Fare Deals in Uni Meals. Communal Catering for All Tastes
University catering calls for much attention, responsibility, and enterprise as school meals. The start of a new academic year and of a new intake of school-leavers add to the significance of the connexion.
Caterers in universities are faced with diverse challenges in meeting the requirements and enjoyment of consumers – young and old – from different cultures and lifestyles, and with preferences for ingredients meeting environmental, economic, and marketing stipulations.
Many will be taking lasting care of their health and lifestyles in accord with advice proffered by agencies such as the Food Standards Agency. Many will be continuing developments and growth as significant as those that they have experienced in their years of school meals. “Other” choices in communal catering usually represent an outmoded vegetarian style that inadequately serves a number of kindred interests and unnecessarily creates vexatious sub-divisions, e.g. “vegetarian” and “vegan”.
Growing enterprise in the foodservice industry renders such barrier avoidable: true vegetarian menus can be constructed and developed that satisfy the increasing population the market recognizes as meat reducers, dairy-frees, vegans, adherents to various religious principles and customs and to expressions of animal and environmental welfare (and “rights”).
Such practices, tastefully demonstrated, comprise investments in the Portfolio of lifestyle and dietary habit warmly commended by nutritional and medical authorities alarmed at the avoidable prevalence of obesity and premature disease. Universities and teaching institutions offer exceptional opportunities to manifest this responsible trend. Further, such institutions entertain many conferences and gatherings for whom the alternative veggie alternative would add to the other pleasures in their gatherings. We would be happy to offer freely advice to caterers wishing to improve their services in this way and to keep us informed with their experiences.
We are a scientific research Trust – a registered charity with no commercial affiliations, but with a lot of experience of catering in halls of residence, refectories, and canteens. Anyone wishing so can search for information on the Portfolio diet and healthy eating on our database, available for free from our website.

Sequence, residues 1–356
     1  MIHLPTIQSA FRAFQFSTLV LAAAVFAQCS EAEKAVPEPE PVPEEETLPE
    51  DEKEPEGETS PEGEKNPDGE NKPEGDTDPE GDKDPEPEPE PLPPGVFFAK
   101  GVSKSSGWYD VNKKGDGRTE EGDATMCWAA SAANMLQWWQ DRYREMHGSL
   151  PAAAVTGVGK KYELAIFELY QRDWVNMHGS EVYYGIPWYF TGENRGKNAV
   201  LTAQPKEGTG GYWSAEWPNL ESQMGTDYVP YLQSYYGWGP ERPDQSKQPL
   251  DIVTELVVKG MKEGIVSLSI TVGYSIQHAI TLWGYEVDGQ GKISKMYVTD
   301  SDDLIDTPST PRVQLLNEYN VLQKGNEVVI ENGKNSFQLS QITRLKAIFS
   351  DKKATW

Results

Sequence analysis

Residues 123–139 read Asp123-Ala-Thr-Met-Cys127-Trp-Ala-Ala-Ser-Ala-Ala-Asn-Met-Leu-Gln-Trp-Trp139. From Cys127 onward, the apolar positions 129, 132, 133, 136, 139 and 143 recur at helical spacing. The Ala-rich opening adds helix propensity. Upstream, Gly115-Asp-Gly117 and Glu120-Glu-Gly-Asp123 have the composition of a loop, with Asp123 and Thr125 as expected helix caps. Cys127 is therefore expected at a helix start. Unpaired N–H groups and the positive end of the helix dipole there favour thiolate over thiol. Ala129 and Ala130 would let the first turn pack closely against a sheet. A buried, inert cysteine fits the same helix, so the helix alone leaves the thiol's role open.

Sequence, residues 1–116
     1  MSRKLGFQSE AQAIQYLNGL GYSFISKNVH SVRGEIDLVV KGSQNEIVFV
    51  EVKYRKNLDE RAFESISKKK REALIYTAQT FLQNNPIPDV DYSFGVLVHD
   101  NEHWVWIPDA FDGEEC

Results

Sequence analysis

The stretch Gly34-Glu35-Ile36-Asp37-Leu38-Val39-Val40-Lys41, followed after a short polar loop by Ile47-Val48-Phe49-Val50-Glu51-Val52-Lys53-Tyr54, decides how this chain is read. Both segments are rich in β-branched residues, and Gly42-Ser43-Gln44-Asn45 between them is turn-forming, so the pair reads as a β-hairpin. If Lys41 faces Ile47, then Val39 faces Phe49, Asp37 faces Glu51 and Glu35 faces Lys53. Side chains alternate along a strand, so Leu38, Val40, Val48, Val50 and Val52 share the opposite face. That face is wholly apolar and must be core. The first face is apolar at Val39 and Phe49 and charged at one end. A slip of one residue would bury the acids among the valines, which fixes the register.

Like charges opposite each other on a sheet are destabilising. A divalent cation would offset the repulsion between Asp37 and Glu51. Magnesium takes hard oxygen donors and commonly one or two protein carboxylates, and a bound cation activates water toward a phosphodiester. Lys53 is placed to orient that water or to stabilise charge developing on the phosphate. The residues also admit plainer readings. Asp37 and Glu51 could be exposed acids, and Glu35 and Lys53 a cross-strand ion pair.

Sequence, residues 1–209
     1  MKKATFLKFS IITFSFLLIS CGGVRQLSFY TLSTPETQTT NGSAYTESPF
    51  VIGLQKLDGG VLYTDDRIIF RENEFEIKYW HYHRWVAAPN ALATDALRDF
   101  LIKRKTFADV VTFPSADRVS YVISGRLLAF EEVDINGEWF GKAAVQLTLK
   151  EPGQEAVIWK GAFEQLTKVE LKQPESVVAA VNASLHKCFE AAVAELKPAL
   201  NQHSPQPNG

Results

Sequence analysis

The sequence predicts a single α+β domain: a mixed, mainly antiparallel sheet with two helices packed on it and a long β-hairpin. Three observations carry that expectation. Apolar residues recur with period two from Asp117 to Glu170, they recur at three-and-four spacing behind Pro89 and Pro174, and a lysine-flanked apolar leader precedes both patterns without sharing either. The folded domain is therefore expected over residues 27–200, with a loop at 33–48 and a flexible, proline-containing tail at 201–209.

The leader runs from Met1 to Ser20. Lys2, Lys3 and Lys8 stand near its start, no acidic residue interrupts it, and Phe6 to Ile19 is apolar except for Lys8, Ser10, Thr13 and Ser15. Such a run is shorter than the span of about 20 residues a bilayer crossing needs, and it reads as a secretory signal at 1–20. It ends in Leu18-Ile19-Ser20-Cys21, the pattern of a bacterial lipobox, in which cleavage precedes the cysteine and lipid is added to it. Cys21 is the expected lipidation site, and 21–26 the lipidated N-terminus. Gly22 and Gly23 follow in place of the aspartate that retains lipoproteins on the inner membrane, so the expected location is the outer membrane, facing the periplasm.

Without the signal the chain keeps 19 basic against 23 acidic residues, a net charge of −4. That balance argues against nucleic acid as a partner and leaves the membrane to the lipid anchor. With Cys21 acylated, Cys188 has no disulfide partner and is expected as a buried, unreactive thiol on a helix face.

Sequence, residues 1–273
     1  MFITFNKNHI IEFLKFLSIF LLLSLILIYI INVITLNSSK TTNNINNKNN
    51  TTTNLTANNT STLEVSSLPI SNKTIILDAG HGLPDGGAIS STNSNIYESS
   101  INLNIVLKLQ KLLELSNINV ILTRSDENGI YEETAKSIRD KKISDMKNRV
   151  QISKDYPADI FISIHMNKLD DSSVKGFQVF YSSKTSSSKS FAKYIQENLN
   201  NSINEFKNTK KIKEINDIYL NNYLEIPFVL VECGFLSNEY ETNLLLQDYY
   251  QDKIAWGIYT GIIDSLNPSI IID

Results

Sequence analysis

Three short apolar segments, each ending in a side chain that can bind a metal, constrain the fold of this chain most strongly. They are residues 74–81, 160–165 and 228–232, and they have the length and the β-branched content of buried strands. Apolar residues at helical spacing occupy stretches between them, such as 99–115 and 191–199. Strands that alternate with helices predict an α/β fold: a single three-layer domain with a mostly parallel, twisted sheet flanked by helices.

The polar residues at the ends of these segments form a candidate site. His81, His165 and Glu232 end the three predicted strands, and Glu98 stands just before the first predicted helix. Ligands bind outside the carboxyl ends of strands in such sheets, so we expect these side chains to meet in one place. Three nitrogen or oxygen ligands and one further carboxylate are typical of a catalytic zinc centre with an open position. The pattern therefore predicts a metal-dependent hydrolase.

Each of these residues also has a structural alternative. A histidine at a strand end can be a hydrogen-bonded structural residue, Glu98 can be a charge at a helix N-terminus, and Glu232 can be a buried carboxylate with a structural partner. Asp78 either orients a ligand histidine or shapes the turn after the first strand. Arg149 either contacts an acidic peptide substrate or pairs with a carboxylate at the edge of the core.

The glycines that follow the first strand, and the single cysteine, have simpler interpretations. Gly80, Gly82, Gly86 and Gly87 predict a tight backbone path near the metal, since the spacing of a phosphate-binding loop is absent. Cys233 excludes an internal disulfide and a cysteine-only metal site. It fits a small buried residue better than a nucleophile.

The EU and Food Standards Agency Clash Over Contaminated British Dairy Products
On 6 October 2006, reports were received that European food officials had discovered cheese contaminated with antibiotics, dyes, and detergents and that they had announced a series of emergency inspections. The European Commission directed a warning that Britain must change its approach to guarantee hygiene standards. The Commission is likely to start litigation against Britain on Thursday 12 October 2006.
The British Government has been forced to defend its tests on milk for health and safety, which it insists assure the public that animal-derived milks are fit for consumption and use. A row that began as "a dispute over a sharp practice at a Lancashire cheesemaker's" erupted during Friday 6 October to threaten the reputation of the entire dairy industry and raised the spectre of another food scare after the disastrous foot-and-mouth outbreak of 2001 and the beef ban over 'mad cow' disease" (The Times, 7 October 2006).
The dairy industry is currently in turmoil for other reasons notably arising from bovine tuberculosis and an outbreak in the Low Countries of Blue Tongue disease, which is transmitted by Culicoides midges. This is a new strain of Blue Tongue (strain 8), more of a threat to cattle than sheep, which distinguishes it from the virus spreading northwards from southern Europe.
The dairy industry and associated aspects of live/deadstock farming are reeling under threats that seem more sustainable than excuses trotted out for the "white stuff" and its co-products and by-products, among which we can include the pathetic calves destined for the veal trade, even when Virtue Adding Tricks (VAT) are invented for "rosy welfare friendly" meat.